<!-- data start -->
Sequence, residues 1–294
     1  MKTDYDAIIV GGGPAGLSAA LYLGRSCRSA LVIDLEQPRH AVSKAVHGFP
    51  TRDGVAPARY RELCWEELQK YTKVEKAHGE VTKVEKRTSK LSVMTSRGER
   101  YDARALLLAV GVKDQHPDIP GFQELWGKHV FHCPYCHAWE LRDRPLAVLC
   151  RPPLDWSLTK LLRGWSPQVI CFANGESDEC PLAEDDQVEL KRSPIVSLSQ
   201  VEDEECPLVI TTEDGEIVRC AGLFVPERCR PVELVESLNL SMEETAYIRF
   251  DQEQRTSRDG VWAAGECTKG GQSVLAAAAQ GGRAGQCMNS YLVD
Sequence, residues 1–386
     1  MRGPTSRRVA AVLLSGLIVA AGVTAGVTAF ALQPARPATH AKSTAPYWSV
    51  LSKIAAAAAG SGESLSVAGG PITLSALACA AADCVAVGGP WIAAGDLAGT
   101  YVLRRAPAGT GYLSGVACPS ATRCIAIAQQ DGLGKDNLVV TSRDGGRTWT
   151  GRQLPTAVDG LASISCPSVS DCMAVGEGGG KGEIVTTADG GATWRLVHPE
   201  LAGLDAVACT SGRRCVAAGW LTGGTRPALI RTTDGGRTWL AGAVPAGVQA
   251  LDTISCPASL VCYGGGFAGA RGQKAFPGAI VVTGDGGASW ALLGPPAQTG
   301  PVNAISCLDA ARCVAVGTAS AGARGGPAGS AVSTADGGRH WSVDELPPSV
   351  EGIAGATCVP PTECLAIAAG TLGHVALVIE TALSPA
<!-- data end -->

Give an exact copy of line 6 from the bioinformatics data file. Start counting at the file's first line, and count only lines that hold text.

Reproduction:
   201  VEDEECPLVI TTEDGEIVRC AGLFVPERCR PVELVESLNL SMEETAYIRF